Prospect of Interest: Sebastian Cossa could be ‘a franchise-type goalie’

Sebastian Cossa of the Edmonton Oil Kings. (Andy Devlin/Edmonton Oil Kings)

Goaltender is the most difficult position to evaluate ahead of any NHL Draft, let alone one impacted by a global pandemic. But Sebastian Cossa, as a late 2002 birthday, has two impressive WHL seasons on his resume and is turning a lot of heads this time around.

Spencer Knight and Carter Hart have shown in recent years that the development cycle for a goaltender is shrinking and if Cossa continues to progress as he has, he could be the next goalie to make that early jump.

Here’s everything you need to know about Sebastian Cossa.

Age: 18 (Nov. 21, 2002)
Height: Six-foot-six
Weight: 212 pounds
Position: G
Catches: L
Current team: Edmonton Oil Kings (WHL)

Mountain Man

Cossa is one of the largest goalies in the draft, standing at six-foot-six, but he doesn’t let his size slow him down. He models his game after two giants in the NHL, six-foot-five Pekka Rinne and six-foot-six Jacob Markstrom, and it’s easy to see why. Cossa is very agile moving across the net and doesn’t waste energy doing it, making smart, tactical decisions to get his body in front of the puck.

“You can’t teach size at that position and you know the way the position is trending in the NHL with larger goalies,” Aaron Vickers, a WHL scout for FC Hockey, said in an appearance on the NHL Draft Class podcast. “The thing is that he’s just as quick as he is tall. His lateral movement is really good, he’s good at using his reach in terms of his blocker and glove… and he’s got the flexibility and the lateral movement to extend a leg as much as he needs to.”

As a rookie in 2019-20, Cossa posted a .921 save percentage in 33 starts to finish tied for third-best in the WHL before the pandemic paused play. He followed that up in 2020-21 with a WHL-best .941 save percentage in 19 starts, 17 of which were wins. Cossa was a finalist for the WHL goaltender of the year award this past season, led the Oil Kings to the best record in the league and likely would have gone on a long playoff run had the pandemic not cancelled the post-season.

“There’s a lot to like in Cossa’s game,” John Williams of NHL Central Scouting said on the NHL Draft Class podcast. “I think this guy with his size, his athleticism, I think he’s got the chance to be a No. 1 and a franchise-type goalie.”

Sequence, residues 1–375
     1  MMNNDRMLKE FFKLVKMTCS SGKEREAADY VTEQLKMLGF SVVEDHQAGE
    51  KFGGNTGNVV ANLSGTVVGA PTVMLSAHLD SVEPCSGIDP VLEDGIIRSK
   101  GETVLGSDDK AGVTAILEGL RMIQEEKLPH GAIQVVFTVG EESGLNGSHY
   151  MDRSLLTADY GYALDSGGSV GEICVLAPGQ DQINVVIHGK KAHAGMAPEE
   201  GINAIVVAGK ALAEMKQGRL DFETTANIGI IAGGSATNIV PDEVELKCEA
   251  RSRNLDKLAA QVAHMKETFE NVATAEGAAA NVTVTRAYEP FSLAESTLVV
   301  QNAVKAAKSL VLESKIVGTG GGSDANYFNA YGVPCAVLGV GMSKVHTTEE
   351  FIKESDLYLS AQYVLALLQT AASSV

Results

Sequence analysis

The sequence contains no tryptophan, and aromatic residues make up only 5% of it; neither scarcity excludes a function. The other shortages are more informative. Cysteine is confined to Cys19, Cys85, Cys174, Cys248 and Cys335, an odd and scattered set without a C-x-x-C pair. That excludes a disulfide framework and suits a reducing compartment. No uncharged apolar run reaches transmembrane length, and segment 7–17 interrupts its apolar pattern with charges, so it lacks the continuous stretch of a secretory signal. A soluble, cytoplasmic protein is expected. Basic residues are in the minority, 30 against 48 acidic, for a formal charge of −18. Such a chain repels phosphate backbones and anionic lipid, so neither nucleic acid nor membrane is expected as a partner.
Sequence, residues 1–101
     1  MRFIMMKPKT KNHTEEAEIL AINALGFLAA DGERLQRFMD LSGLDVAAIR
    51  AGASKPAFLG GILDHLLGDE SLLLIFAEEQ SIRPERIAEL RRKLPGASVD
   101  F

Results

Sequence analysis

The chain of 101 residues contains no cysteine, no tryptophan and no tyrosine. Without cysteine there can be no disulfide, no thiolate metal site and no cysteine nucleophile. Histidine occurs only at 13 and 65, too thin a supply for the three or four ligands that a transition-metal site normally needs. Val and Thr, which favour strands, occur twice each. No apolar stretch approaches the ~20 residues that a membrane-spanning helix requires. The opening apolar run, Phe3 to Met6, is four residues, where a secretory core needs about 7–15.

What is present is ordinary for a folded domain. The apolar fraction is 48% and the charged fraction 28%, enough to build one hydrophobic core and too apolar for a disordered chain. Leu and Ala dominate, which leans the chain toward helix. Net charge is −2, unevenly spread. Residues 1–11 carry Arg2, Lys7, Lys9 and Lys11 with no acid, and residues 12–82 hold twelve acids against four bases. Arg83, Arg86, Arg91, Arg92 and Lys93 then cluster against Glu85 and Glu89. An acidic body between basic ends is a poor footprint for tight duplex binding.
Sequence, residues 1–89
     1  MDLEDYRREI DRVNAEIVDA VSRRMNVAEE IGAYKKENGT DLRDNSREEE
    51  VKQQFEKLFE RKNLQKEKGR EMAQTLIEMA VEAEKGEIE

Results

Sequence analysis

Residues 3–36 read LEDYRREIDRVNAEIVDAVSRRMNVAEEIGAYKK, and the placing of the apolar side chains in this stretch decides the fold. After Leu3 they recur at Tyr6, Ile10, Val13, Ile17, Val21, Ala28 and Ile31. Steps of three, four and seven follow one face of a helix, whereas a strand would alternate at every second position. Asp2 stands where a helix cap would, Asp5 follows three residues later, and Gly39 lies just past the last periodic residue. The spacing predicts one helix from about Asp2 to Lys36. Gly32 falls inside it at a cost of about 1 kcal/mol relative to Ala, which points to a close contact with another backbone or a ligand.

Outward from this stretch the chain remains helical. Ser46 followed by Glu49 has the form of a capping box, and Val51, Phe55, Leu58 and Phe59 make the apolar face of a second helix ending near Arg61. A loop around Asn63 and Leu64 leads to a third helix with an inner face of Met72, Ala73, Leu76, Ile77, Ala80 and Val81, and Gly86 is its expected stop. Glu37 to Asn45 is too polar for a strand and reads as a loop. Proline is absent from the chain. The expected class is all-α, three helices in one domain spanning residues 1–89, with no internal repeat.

Sebastian Cossa has been one of the best goalies in the WHL over each of the past two seasons. (Andy Devlin/Edmonton Oil Kings)

Disaster survivor

Cossa and his family are survivors of the 2016 Fort McMurray, Alta., wildfires which forced an estimated 88,000 people from their homes and destroyed more than 2,400 buildings.

Cossa was 13 at the time and he, along with his father Gianni, mother Sandra and brother Nicholas spent three months living with relatives in Calgary that summer. Luckily, their home was not destroyed by the blaze.

“We walked outside and the entire sky was just red and black,” Cossa said in an interview about the fire with oilkings.ca. “Once we finally got back home there was a lot of smoke damage, but we were extremely lucky that it didn’t burn down. The fire came as close as two blocks away from our house.”

Four years later, in the midst of the pandemic last spring, Cossa and his family were again caught up in a disaster when jamming ice caused flooding in Fort McMurray, forcing 13,000 people to flee their homes. Again, the Cossa home avoided serious damage but the flooding nearly closed key access points out of the city which could have left Cossa and his family trapped.

“It was crazy to see another serious thing like that happen here,” he said. “We were lucky again in that our home was safe, but the biggest worry for us was the bridges. The water was rising, and if it flooded the bridges we would be stranded without a way to access downtown or travel south to exit the city.”

These experiences have shaped who Cossa is as a goaltender. Like Carey Price and other greats at his position, Cossa is calm and focused in the net, never letting his emotions dictate his actions. And after living through the challenges he’s lived through, it’s easy to see how nothing he faces on the ice will shake him.

“The thing that I really like about him is his demeanour in net,” Vickers said. “You never really see him get panicked, you never really see him get excited even if he gives up a bad goal he can shake it off really quickly.”

For a good cause

Cossa is an ambassador for Hockey Gives Blood, an organization that partners with Canadian Blood Services to help promote blood donation.

The organization was founded by Stu Middleton — a former minor hockey player who lost his father in a car accident — in response to the 2018 Humboldt Broncos bus crash. Luke Pierce, a vice president with the organization and Oil Kings assistant coach, encouraged the entire team to donate blood which is how Cossa first got involved.

Cossa now participates in PSAs for the organization and uses his social media account to promote the cause. But he also made an impact on the ice this past season. Alongside fellow WHL goalies and ambassadors Dylan Garand and Trent Minor, Cossa helped raise more than $7,600 for Canadian Blood Services by collecting $8 in donations for every save made. Cossa himself raised $3,800 by making 475 saves.

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